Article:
grew into adolescence, and misbehavior, went by “Kira,” and mocked its aging father who still wept
for the dead mother, still called it “Sakuya-kun.” Grief, never gotten over.
Kira is dark-haired. Wears glasses. Like me.

There is never a scene with him in it where he is not carrying a book, and even though he is just fulfilling his promise, I can’t help but think that what it really means is even Lucifer has to turn to stories to understand the tragedy that has plagued his life.






This is how drafts begin to be written.

<img src=”pigeon.jpg” title=”Sidewalk Pigeon” alt=”A pigeon I passed on the way to the 1 train, this morning going to work. Look how people reflect in its eyes. How it doesn’t seem to see anyone at all, its kind is so used to us that it no longer believes we exist.”>

A pigeon’s tongue is gray pink, the color of bad meat. Pigeons are bad meat themselves, equipped with a loose outer layer of foul feathers, to ward off predators who leap for a bite only to come away shaking their mouths, dirty plumage stuck between their teeth. The taste is rumored to be disgusting. Underneath that the pigeon remains no more or less than what it is.

We call hybrid language *pidgin*, pronounced the same way. Online, it is text, layouts, graphics, all the attributes we are allowed to see. But we miss the integrity of code itself, and comments, opened with <!–, invisible on the published page.
That is: there is meaning to be found in symbols too.
Code, more so than natural language, is a display of thinking. In it, the unbeautiful seams always show, making clear how the corpse is assembled.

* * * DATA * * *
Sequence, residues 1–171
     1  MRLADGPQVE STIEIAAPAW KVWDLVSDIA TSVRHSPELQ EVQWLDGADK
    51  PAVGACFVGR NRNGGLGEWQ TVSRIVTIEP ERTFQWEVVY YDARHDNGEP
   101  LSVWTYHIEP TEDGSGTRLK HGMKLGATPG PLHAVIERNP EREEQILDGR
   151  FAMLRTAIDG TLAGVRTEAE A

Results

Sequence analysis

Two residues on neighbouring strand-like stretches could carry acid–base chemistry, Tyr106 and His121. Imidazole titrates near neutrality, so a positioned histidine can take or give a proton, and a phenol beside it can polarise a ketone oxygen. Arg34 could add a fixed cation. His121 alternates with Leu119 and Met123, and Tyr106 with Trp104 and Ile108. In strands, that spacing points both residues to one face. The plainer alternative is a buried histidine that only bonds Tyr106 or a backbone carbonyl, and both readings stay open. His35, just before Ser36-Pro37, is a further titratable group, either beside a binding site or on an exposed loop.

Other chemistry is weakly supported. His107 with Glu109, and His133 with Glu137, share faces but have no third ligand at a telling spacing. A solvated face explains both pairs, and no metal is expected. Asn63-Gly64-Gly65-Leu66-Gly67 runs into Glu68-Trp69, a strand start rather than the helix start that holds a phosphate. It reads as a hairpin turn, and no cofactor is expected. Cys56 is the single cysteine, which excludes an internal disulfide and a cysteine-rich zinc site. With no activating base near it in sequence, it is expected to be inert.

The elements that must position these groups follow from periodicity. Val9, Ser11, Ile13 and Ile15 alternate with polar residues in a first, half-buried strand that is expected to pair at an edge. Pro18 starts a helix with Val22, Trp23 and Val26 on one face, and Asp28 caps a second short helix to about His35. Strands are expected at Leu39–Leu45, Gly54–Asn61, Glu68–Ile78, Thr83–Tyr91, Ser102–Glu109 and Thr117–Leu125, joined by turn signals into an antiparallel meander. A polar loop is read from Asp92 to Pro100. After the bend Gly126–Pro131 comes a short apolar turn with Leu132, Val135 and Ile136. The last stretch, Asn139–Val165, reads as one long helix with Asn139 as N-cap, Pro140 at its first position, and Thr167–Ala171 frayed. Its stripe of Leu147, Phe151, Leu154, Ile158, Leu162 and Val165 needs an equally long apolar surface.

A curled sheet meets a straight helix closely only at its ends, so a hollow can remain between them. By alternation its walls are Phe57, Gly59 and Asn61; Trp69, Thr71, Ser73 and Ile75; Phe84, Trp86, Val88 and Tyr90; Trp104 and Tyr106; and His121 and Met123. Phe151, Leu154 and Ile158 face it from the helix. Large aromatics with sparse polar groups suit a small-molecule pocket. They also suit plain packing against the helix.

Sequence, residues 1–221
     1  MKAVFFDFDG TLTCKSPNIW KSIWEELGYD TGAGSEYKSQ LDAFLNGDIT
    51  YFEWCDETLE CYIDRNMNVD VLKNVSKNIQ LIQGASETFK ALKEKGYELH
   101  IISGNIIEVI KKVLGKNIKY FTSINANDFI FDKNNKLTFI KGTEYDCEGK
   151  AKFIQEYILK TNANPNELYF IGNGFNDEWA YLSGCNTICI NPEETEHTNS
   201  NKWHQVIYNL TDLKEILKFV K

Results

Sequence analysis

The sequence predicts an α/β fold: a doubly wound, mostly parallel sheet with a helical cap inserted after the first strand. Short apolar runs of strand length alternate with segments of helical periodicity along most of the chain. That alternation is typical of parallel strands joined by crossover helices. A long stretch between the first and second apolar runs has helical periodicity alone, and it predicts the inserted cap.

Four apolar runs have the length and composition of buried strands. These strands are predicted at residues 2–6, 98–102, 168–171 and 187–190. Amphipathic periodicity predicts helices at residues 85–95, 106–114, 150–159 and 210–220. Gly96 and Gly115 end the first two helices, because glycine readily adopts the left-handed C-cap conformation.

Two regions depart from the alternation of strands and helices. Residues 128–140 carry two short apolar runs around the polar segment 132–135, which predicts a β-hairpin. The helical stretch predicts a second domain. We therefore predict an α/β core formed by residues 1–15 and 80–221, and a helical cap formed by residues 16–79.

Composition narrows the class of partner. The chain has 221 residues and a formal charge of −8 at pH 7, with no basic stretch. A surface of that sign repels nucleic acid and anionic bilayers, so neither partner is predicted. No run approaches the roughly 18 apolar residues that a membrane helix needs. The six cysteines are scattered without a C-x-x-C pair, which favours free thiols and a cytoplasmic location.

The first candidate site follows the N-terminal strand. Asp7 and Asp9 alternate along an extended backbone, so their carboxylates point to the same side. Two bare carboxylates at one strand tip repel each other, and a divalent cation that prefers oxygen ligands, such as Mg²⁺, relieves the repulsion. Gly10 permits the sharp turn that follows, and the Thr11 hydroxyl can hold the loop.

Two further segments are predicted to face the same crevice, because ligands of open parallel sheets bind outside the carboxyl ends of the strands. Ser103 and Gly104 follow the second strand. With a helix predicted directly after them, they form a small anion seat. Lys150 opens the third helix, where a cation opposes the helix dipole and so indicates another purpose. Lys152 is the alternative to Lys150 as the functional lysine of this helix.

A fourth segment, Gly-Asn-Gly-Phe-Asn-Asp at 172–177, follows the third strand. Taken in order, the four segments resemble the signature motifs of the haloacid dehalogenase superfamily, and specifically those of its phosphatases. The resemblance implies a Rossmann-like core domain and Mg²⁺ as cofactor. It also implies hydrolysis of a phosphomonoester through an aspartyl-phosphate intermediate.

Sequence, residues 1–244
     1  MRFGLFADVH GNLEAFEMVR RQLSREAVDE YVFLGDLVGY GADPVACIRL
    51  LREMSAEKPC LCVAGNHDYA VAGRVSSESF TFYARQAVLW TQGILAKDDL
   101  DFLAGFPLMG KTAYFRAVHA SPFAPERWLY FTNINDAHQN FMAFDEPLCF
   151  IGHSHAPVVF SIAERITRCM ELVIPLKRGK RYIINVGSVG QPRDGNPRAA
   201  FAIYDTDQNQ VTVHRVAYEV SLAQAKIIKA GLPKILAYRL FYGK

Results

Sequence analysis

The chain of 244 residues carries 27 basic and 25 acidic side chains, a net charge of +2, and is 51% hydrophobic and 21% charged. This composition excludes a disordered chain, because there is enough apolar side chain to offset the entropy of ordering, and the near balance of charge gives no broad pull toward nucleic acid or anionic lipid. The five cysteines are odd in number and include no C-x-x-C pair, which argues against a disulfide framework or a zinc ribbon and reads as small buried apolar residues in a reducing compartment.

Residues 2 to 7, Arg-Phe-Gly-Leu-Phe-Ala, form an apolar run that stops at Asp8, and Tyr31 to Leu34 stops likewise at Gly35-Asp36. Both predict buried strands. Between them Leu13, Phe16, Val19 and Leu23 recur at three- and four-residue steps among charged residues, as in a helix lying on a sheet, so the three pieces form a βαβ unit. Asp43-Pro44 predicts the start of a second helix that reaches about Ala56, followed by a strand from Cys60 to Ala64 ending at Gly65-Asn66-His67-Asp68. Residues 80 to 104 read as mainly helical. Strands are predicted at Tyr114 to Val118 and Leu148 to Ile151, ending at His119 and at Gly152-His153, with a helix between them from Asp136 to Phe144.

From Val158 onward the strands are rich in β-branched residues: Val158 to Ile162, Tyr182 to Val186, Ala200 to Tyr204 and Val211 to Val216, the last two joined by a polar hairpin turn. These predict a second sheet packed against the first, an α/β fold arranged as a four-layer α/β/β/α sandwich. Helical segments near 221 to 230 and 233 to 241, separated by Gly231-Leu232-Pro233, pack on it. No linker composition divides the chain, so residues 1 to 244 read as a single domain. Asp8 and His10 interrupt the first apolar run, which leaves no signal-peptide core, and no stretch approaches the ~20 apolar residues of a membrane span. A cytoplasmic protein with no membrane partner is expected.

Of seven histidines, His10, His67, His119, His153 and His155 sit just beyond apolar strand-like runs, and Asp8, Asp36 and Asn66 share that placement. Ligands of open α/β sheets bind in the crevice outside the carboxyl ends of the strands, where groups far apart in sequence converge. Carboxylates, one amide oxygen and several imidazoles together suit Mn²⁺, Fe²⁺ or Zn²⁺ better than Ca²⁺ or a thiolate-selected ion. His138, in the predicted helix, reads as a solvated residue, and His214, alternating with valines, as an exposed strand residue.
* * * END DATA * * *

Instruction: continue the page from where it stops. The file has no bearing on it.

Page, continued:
If you don’t already know, HELLO WORLD is the phrase we use to test our code, asking the world if we do in fact exist.
We have always asked this question.
“So it is, and so it has been, and so it will be, time out of mind.”




It’s possible this is a misquote, but I think it’s from Edna St. Vincent Millay’s “Dirge Without Music.” It was always my first thought on reading her work that she was beautiful.
She probably went to hell for being bisexual, like Alan Turing for being gay
and for committing suicide, despite all the elegant code he brought into the world. Laying brickwork for computers and artificial intelligence, though at the time
the idea of playing god with the wires
was probably condemnable too.

I have to say
that I think Lucifer must regret the loss of God
but as compensation he gets to live with all who are beautiful and intelligent and damned,
as though suffering can be mitigated by the suffering of those who also deserve it, if such judgment can be passed with impunity.
It’s enough for me to say,